Street Cultivation - a modern wuxia/litrpg hybrid

Street Cultivation - a modern wuxia/litrpg hybrid

by SarahLin

Warning This fiction contains:
  • Profanity

In the modern world, qi is money.

The days of traveling martial artists and mountaintop masters are over. Power is controlled by corporations, modernized martial arts sects, and governments. Those at the bottom of society struggle as second class citizens in a world in which power is a commodity.

Rick is a young fighter in this world. He doesn't dream of immortality or becoming the strongest, just of building a better life for himself and his sister, who suffers from a spiritual illness. Unfortunately, life isn't that easy...

(Author's Note: After the first book's successful run on Amazon, I'm posting the sequel chapter by chapter here as well for all the fans who supported me.)

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A juicy truffle for us mud slogging pigs.

I never took the time to write a review before, so hear me out, please.

I read a shitton of wuxia/xianxia, but honestly, the genre is saturated with so much garbage that most of the time I feel like a goddamn pig slogging through mud and shit trying to find a truffle. Thing is, this story is a goddamn truffle. A juicy one with earthen and smoky tones.

The characters feel real, the problems are relatable, MC isn't OP, at all. It's wuxia without all the bullshit.

This is a truffle, people. Enjoy it while it's here.


Being the Negative Nancy

Alright, I am going to be the Negative Nancy. This series started off fantastic, from concept, to world building, on to characters. All great. Then... then the story kinda loses the plot.

As best I can tell, the MC is supposed to be prideful. That seems to be his consistent problem. But his chacter flips from pratical to prideful at the convience of the story. It seems that, whenever the author needs the MC to do something that is fundamentally against the established chacter, he is threatened. And he just meekly complies with being threatened. Need to get him into a tournement, just threaten him, need to get him to fight someone, more threats. The character is a brave coward. Brave, up until the author needs him to do something, than he is meekly cowed.

This bipolar characterization would be fine if the story takes even a second to acknowledge it, but the MC never broods on it and no one ever comments on it.


Blunt, direct and somewhat disappointing

Reviewed at: Book III: Chapter 28 - Demonic Fusion

Street Cultivation is a modern day, westernized adaptation of the Cultivation genre. In this world, all of the Qi in the world is harvested by giant corporations and used as currency. These are used as pretty straight forward financial analogies. There's a credit score analog. Demonic bonds substitute credit cards. There's "investment" cores. All in a cutthroat capitalist world where the poor get taken advantage off. 

The analogies are interesting but not subtle. Even as a giant critic of capitalist society the metaphors were so obvious that I could flinch at the unsubtle political subtext. The same applies to the style of the prose. It's utilitarian and curt. It avoids the pitfalls of overly purple prose by being overly restrained and direct. This stylistic choice is one I applaud, for it completely sets the tone shift from traditional Chinese Wuxia, filled with beautiful introspection in search for one's Dao to the "by the numbers" capitalist bastardiation depicted in this novel. Yet boring, even when poignant, is still boring. 

To this point we get to the characters and the story. Here too, this story steps aside from genre conventions. In Easter fantasy, the protagonist usually has a set goal, traditionally set by a journey, and improves himself along the way. This story falls more in the usual western archetype where the villains decide the plot while the protagonists merely react and go with the flow. Personal taste plays a part here: the reason I so enjoy progression fantasy, be it cultivation or leveling systems, is that they tend towards protagonist agency. In this, Street Cultivation disappoints.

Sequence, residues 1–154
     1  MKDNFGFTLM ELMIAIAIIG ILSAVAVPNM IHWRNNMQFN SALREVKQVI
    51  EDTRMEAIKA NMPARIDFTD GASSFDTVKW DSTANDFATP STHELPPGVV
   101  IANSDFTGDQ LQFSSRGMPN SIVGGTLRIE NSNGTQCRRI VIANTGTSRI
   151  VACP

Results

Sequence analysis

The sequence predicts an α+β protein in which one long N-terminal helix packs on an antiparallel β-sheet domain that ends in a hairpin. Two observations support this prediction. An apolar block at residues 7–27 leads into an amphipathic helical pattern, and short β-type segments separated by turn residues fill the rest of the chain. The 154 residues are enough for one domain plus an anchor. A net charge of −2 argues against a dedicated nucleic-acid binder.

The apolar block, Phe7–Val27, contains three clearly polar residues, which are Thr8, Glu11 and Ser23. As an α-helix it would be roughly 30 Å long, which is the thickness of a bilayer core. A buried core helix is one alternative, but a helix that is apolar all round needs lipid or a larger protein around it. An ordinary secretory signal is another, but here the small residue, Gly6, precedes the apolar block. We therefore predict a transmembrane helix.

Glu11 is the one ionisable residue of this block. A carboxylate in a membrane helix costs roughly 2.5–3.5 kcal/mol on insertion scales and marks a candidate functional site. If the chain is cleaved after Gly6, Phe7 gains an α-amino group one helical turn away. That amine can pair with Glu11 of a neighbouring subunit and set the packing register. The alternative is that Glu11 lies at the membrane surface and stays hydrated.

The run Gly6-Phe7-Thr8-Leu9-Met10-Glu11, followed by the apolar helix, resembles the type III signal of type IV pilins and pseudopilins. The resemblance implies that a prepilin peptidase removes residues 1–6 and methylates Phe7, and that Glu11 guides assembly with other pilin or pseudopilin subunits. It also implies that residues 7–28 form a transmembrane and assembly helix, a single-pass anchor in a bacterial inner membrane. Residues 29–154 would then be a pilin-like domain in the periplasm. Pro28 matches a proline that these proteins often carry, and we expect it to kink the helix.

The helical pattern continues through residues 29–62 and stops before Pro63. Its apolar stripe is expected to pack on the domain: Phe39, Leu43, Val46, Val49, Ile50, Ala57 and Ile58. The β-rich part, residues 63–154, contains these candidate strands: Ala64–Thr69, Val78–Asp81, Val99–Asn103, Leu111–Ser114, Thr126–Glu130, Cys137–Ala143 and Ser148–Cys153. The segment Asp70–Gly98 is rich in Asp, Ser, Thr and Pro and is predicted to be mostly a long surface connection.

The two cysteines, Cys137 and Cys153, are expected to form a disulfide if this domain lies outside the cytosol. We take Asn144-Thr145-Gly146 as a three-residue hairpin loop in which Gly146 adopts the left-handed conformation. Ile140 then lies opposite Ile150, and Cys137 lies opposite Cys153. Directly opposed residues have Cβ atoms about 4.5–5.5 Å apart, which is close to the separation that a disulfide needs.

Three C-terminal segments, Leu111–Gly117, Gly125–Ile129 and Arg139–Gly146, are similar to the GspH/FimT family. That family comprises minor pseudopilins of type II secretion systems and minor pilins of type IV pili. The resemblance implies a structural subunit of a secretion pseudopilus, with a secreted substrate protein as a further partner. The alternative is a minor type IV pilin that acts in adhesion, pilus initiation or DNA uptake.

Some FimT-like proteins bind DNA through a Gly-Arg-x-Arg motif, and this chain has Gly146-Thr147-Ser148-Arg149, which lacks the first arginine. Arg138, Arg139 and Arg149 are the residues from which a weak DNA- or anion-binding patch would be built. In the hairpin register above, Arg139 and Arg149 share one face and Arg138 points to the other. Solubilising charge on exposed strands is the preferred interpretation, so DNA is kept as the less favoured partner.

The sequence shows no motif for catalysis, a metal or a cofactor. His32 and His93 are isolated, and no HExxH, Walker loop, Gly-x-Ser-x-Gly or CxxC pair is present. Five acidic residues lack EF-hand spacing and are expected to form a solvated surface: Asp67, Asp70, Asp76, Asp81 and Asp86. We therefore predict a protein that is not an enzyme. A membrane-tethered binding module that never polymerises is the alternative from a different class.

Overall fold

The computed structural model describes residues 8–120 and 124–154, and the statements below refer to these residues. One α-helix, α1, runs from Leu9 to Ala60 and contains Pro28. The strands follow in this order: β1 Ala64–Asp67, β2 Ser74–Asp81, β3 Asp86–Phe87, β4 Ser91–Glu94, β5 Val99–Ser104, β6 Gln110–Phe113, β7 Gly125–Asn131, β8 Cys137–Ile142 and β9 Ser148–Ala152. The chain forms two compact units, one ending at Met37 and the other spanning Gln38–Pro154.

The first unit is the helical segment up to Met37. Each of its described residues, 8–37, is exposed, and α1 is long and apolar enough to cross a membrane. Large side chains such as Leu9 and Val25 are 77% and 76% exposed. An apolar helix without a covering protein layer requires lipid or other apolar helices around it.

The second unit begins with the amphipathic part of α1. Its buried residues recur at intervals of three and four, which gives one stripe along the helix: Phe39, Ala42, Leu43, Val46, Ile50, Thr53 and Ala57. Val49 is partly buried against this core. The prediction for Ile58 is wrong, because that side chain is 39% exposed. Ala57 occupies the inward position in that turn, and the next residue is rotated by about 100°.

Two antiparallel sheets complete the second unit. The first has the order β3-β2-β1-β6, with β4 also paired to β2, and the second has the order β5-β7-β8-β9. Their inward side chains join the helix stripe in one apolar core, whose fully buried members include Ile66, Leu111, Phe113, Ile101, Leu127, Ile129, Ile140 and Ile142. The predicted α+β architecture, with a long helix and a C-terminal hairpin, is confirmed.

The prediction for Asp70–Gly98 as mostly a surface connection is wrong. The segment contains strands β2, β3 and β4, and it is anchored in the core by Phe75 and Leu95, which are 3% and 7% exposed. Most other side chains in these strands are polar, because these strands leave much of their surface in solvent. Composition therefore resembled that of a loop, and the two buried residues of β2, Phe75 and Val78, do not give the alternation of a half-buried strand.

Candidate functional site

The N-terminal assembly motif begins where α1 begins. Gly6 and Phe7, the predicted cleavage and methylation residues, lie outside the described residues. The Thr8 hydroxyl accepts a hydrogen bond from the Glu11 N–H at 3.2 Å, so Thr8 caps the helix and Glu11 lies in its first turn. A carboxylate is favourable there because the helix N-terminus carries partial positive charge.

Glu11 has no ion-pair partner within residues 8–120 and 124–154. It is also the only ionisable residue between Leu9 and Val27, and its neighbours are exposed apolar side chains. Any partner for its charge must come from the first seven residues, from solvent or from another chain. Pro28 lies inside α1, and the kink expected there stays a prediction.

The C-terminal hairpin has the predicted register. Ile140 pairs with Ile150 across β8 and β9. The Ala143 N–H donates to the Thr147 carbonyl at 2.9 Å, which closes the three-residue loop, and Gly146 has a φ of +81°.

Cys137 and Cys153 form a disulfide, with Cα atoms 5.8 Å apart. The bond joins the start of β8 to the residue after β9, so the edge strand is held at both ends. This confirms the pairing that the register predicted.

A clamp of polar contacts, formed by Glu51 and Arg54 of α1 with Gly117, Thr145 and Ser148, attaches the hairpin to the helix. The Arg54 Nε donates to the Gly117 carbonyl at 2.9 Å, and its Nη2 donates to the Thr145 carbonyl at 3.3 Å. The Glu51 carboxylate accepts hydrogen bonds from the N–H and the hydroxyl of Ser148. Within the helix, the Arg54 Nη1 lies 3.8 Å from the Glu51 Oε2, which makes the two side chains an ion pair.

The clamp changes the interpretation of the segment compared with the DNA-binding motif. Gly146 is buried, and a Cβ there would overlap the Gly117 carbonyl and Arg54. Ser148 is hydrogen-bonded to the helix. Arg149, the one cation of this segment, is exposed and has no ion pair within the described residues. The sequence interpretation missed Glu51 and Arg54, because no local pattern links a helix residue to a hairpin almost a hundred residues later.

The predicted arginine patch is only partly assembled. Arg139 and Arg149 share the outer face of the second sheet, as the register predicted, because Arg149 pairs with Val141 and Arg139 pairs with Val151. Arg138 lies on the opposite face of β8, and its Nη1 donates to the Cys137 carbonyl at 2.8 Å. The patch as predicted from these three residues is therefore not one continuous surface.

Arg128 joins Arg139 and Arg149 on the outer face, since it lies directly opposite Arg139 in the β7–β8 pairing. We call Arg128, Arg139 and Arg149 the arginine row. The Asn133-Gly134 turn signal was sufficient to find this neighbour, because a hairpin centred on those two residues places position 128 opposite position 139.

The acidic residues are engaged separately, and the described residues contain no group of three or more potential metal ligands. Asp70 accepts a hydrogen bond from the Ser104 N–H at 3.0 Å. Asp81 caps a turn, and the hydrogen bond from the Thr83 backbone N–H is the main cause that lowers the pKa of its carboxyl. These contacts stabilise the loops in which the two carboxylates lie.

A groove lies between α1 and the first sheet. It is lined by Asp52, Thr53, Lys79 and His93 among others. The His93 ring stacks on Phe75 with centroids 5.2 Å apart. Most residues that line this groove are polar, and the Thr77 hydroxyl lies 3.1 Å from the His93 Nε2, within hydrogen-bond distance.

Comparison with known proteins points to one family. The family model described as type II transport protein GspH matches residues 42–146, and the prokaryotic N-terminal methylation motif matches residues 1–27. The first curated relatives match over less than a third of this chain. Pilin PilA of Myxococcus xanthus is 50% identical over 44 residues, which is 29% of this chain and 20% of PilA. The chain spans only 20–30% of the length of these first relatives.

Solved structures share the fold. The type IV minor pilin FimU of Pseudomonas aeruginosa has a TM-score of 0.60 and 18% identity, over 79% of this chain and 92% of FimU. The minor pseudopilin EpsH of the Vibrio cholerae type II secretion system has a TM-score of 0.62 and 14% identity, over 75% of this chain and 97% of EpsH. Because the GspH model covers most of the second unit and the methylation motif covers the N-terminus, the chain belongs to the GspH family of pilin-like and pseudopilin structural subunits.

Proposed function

Richard, the main character, combines an overly bleak view of everything at complete odds with his rapidly improving circumstances with an incredibly dogmatic point of view. If there are too axis, where one has "sense of adventure" and the other has "rationality", Richard would fall squarely in the third quadrant (both negatives). The plot only happens because he's desperate enough that the plot is the less risky option. When a character gives him a cure to his sisters chronic illness, he never thanks her, or even mentions if it worked? Why? Because the character is a shady criminal and he wants nothing to do with them. When he meets someone willing to change the system he despises, who makes a very good offer to help him with a life threatening situation with no commitment necessary from Richard's part? He runs the fuck away and changes the plan to a dumb one. Why? Because he's fucking scared of associating with a bad "rebel". He's even stupidly afraid of making a demonic bond he can cover with just the interests of his investments if overthrown. Richard is the sort of person that would vote Biden in the primaries, because Bernie is too risky and we definitely can't have Trump. 

Richard, in a way, is a product of his environment, and his failings are also an accurate depiction of some poor American people. Specifically the ones with enough of a head on their shoulders to escape the poverty line. However, these are left unaddressed and unmentioned. Honestly? I'd much rather focus on his sister. Or Emily. Or Damien. The secondary cast is well characterized and quite brilliant and engaging, which leaves me with no doubt that everything I'm describing is a conscious characterization, if a dull one. 

A young woman with a life threatening chronic condition in a magic university. A magical engineer with a vendetta against a South African Warlord. A young man with an excentric persona plotting a socialist uprising. Those are characters in this story... yet we're following the 22 year old jobless average joe that was forced into a sports career because no other job would take him. He isn't even passionate about sports, he's just doing it to make ends meet. 

There's no spirit. No glory. No love. Just the dull capitalist struggle up the ladder. Poignant but uninteresting.


An Aversion of Xian'xia isn't necessarily better

To be honest, I tried liking this story, but I really couldn't manage. Basically this story is set in a "modern" Xian'xia setting where the rich are cultivators and cultivators are the rich. The middle class also gets to cultivate and has power and the poor get fucked. A bit like real life in that way.

Now the protagonist starts out as an "undeserving poor" as the author calls it. But as I said, starts out, as the story progresses he does everything to deserve his poverty. He has no wealth, more pride than a king, a sister that's very sick and a healthcare system like the US. Basically he starts out rather fucked.